I confess I have a problem with … well, life in general. I bore easily. This is why I have about ten different projects started (I do usually finish them one bit at a time.) and write and read in many different genres. I also do things like walk away from boring conversations before I realize I’m doing it.
And some years ago I started doing that with books. Not just “worthy” books, though that was a great part of it, but also (even) my popcorn books. The last big batch of mysteries I bought used before I went fully electronic for fiction were mostly unread. Not unopened, but I realized halfway through reading (I thought) one of them that I’d actually been reading two of them and they were so similar I didn’t notice until it hit me the names were wrong. (I had one in the bedroom and one in the bathroom, and since folding down a corner gives husband cold sweats, and I can never find bookmarks, I was finding the page by memory.)This was particularly distressing since I actually read to escape the boredom that is every day life. In fact until I was about 20 and developed some internal resources I was either immersed in a vivid daydream (what we call “telling myself stories) or reading at all times. Heck, I don’t think even now I’d ever clean the house without reading via audible. I’d be up to my knees in cat hair and dust. Or probably have died of allergies.
And I don’t demand greatly original stories every time. In fact, if you saw the reference above to “popcorn books” these are the vast majority of what I read. I eschew the idea of choosing the third ending, or trying to be startlingly original because I don’t think that’s what the readers want. Not every time. As Pratchett said about sex, (paraphrased because I don’t remember which book) sure people read all sorts of fancy cookbooks, but when all is said and done, they’re happy if they get a tomato and egg sandwich and it’s tasty.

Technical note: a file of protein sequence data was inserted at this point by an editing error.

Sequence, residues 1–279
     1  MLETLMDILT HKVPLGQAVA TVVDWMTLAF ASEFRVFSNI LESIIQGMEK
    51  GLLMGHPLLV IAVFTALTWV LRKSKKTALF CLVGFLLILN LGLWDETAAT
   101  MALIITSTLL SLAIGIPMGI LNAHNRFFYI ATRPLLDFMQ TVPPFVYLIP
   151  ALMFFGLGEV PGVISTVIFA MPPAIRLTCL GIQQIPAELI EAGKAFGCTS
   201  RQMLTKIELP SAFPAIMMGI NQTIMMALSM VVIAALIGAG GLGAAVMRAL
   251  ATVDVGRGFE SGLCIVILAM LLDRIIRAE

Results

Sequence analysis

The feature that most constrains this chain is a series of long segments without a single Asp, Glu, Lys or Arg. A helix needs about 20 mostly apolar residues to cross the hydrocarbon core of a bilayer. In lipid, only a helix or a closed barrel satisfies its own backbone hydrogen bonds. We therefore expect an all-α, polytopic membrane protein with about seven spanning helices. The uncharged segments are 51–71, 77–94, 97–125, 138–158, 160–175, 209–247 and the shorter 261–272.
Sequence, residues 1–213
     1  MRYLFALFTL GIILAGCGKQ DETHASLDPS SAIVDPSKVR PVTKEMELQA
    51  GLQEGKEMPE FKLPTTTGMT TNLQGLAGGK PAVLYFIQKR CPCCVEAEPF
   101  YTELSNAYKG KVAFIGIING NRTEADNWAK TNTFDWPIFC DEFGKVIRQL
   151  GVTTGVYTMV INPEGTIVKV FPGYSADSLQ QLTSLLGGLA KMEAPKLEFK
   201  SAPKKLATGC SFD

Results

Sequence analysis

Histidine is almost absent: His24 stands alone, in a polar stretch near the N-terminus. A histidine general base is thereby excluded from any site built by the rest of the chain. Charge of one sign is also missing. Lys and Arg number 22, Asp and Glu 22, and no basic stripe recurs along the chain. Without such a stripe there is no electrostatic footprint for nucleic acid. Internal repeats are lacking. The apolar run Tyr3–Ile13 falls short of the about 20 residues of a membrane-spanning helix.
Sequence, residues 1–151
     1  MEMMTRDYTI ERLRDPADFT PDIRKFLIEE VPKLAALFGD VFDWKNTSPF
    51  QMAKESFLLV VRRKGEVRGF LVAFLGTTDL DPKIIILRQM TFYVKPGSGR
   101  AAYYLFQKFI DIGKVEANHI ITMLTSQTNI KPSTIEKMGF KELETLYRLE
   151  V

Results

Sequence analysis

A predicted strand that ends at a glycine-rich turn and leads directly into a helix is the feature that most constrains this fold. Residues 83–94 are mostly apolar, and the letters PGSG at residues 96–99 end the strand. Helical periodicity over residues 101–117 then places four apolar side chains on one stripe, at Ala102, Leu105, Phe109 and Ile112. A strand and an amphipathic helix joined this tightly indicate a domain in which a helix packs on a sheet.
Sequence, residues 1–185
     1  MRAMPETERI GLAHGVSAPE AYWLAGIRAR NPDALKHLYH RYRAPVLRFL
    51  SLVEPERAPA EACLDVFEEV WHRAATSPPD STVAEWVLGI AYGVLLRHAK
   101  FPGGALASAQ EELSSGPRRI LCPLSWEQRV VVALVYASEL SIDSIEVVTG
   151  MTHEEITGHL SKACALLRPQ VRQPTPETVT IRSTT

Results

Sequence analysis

So… Most books are tomato and egg sandwiches and that’s fine.
So what changed round about… oh, the early 2000s that made me despair of “popcorn books.”
Well, there is a difference between not surprising me wildly and being functionally the same book. I no longer remember the titles or authors of the mysteries I confused, but they were both police procedurals with a male-female type of association, and they were of course vaguely romantic. Well, they were supposed to be vaguely romantic. Usually these partner/friendships are. But they didn’t use to cross the line. This one was a full blow affair. Fine, whatever. We live in the age of divorce and remarriage, so that didn’t even bother me much.
It’s more that these characters and the case were functionally the same: the male was a manipulator, and the woman is divided because she feels some loyalty to the man’s wife (!) while he doesn’t really care about either of them, etc.
She is moral and has no flaws (except for sleeping with this manipulator.) The case is the death of a woman with no flaws. Etc. Rinse, repeat.
For treatment of a flawed marriage, Agatha Christie did it better in the Hollow (whose victim is in fact a manipulator, single minded, is having an affair, and is yet also profoundly true to life and sympathetic even.)
At my last Cosine in Colorado Springs, Connie Willis talked of teaching a writing class and being told by the students that female characters can’t have flaws because that’s sexist. My own fledgelings have reported the same thing of their writing groups. M. Todd Henderson’s interview on my blog today reflects this too.
There are prohibitions on who can be villainous, in what matter they can be villainous and how characters are handled. There are also enforced precepts. So in the end, you know, these are like those formal plays of the French renaissance, where you can show this, you can’t show that, and all the plays sound alike.
This is not art. It is even less entertaining. Sure, it’s moralizing — it reminds me of nothing so much as my grandmother’s favorite books from childhood which were permeated with Victorian morality and you knew how they’d end from page ten — but more than that it is boring. Incredibly boring.
Books in the early 21st are not the first artistic/entertainment medium to fall down the rabbit hole (and movies preceeded us there.) I dabble in art, and I know about the French Academic style. I also have an MA in literature, I know of the schools that became stultifyingly mannered and constricting.
The only thing I can say about that is that it doesn’t last. Art and entertainment that are all the same are neither. And people are more like me but not. We are clever monkeys who eschew boooring.
Which is why indie came about. Trad pub wasn’t killed by indie. It is committing suicide book by boooooooring book.
And it will never admit it.